HIGH-FLOWN IDEAS. Saturn's cooperative approach to labor relations -- which includes involving workers in decision-making from the plant floor to the board room -- has caused other problems for management, too. The idea is to treat workers as co-owners who have as big a stake in the success of the company as executives or shareholders. This requires employees to work closely in production-line teams. But not everyone likes the practical application of such high-flown ideas. In a survey of union members last summer, about 6% said they were unhappy at Spring Hill and wanted out. The reasons varied. Some hadn't adjusted to teamwork. Others had personal problems, such as split families or unsold houses, that were caused when they transferred from other GM plants.

Although the proportion of workers who are disgruntled is small, GM went to extreme lengths in the new labor agreement not to let any dissatisfied employees poison the atmosphere. The contract offers severance pay for those who wish to leave, ranging from $15,000 to $50,000 depending on length of service at GM. Saturn officials figure that 25 to 100 of the plant's workers will opt to go. Such buyouts are expensive and usually are done only by companies trying to cut their work force. But Saturn decided that harmony was worth the price. "They don't want to be here, and they aren't very productive," says Thomas G. Manoff, Saturn's vice-president for finance, who doesn't plan to hire replacement workers.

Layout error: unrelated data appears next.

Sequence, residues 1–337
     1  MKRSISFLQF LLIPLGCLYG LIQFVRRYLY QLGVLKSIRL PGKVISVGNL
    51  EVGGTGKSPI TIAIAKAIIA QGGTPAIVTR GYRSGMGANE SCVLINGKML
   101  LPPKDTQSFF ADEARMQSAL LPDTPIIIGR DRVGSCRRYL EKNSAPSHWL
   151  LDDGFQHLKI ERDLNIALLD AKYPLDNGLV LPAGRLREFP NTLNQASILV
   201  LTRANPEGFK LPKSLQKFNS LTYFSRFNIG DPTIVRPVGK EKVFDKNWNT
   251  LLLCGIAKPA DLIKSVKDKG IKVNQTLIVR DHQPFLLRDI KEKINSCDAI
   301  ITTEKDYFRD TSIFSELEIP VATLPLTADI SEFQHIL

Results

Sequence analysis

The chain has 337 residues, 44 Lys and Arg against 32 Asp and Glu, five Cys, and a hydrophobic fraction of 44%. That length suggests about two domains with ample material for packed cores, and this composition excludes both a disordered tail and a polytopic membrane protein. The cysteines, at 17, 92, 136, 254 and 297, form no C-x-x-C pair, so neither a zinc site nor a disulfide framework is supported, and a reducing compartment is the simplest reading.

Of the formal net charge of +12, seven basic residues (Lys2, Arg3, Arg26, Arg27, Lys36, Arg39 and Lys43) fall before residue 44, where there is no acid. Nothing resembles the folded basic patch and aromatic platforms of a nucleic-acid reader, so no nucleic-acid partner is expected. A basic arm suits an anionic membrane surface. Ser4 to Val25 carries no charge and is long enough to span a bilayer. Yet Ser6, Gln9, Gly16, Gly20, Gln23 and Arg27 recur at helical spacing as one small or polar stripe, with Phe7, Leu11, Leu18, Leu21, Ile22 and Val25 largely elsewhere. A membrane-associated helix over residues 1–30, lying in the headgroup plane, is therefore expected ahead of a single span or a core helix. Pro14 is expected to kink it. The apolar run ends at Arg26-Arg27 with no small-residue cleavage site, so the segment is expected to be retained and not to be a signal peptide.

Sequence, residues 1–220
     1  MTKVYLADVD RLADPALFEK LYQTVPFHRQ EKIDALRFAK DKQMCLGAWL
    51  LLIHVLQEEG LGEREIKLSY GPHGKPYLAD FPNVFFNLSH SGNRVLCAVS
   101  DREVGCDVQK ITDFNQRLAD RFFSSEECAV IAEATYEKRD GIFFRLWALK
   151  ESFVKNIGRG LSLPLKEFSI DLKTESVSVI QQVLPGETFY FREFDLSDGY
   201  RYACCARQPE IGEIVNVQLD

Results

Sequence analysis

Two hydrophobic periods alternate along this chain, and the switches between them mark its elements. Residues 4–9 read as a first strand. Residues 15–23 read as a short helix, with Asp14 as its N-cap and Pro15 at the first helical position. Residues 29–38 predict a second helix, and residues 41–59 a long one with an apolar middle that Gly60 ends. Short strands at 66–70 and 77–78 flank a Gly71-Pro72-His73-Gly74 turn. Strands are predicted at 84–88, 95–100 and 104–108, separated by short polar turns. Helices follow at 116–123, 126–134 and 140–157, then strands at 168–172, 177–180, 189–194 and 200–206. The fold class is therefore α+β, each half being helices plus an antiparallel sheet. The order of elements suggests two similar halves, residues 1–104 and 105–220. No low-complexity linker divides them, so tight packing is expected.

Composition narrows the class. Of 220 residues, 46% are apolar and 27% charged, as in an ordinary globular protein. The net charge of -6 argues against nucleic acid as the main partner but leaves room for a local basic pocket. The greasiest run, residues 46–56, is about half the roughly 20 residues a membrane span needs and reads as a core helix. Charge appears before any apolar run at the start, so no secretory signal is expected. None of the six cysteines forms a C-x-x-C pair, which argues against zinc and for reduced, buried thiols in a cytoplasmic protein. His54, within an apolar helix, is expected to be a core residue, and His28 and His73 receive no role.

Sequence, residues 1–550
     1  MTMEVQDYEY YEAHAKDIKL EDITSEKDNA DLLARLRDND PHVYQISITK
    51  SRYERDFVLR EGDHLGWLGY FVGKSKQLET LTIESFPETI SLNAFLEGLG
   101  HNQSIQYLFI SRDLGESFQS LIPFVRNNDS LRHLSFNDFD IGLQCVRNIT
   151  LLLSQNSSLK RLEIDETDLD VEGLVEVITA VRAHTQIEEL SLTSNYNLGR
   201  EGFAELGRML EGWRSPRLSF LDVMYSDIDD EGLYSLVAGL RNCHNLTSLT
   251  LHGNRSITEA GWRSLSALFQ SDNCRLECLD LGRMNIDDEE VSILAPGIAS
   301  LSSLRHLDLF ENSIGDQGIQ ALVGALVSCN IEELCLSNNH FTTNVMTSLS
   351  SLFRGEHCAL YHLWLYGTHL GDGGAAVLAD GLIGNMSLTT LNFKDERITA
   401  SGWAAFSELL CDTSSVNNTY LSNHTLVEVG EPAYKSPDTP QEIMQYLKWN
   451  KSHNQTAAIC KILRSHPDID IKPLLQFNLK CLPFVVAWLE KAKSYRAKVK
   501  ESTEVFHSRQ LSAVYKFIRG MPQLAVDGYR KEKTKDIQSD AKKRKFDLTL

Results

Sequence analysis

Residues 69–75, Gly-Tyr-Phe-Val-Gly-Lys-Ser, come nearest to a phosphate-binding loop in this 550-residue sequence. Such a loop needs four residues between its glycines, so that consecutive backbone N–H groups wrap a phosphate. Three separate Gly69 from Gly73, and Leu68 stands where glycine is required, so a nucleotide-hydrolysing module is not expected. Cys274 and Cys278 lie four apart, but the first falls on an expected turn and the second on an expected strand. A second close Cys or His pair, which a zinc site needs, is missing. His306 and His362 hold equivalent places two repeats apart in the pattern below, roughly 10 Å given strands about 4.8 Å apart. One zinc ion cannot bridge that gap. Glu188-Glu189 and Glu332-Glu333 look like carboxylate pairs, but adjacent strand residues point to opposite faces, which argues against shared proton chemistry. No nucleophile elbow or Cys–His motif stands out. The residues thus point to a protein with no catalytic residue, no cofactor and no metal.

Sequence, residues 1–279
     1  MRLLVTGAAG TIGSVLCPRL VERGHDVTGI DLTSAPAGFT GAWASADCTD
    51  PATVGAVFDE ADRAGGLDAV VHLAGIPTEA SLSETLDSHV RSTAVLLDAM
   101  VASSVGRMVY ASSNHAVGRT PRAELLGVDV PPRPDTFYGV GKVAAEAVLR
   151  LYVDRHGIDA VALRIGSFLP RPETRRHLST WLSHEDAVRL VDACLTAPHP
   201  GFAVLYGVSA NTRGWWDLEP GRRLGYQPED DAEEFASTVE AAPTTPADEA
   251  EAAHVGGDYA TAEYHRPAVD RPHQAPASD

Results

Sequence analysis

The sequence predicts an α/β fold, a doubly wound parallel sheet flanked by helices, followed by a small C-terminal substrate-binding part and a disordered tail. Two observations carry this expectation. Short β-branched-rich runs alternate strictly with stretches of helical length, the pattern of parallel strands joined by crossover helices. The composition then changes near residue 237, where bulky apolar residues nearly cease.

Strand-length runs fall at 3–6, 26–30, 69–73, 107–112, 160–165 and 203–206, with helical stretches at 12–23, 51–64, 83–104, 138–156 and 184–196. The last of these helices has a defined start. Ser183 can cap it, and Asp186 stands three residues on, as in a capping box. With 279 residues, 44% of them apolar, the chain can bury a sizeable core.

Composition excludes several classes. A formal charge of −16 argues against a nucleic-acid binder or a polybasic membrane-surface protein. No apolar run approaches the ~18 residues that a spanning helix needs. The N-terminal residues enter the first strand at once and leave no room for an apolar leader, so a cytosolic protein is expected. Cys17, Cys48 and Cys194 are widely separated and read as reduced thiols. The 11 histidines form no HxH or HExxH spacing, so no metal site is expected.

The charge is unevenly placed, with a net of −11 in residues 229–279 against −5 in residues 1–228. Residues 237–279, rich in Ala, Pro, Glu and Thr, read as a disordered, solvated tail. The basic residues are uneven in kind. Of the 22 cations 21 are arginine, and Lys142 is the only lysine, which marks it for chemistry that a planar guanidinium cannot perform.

Although Saturn managers are treading carefully in dealing with the company's startup woes, the pressure to move faster is growing. With GM's car sales mired in a yearlong slump, the company is careening toward a 1991 loss of $2.6 billion. And some $500 million of that is because of Saturn, analysts say. "We're all under the gun to help the mother ship," says Manoff. Union and management officials are confident that they can work out all of Saturn's kinks. If they do, it could be just in time to meet rising demand, assuming that Detroit's sales perk up next spring. Until then, GM's Stempel has little choice but to grit his teeth and bear the losses.


OCTOBER, 1990 Saturns go on sale

JANUARY, 1991 Production lags seriously at just 4,245 cars. Saturn delays

opening 30 dealerships; pays 58 existing dealers an average $100,000 each to compensate for lack of cars

FEBRUARY Recalls 1,210 cars to repair faulty seat backs that could tip back

without warning

MAY Recalls and replaces 1,836 cars filled with bad engine coolant

SEPTEMBER October Consumer Reports advises readers to steer clear of Saturn

because of unproven reliability

OCTOBER GM Chairman Robert Stempel visits Spring Hill (Tenn.) plant and finds

that production workers are protesting a decline in quality

NOVEMBER UAW Local 1853 ratifies Saturn's new labor agreement, which delays

plan to tie 20% of pay to the plant's quality and productivity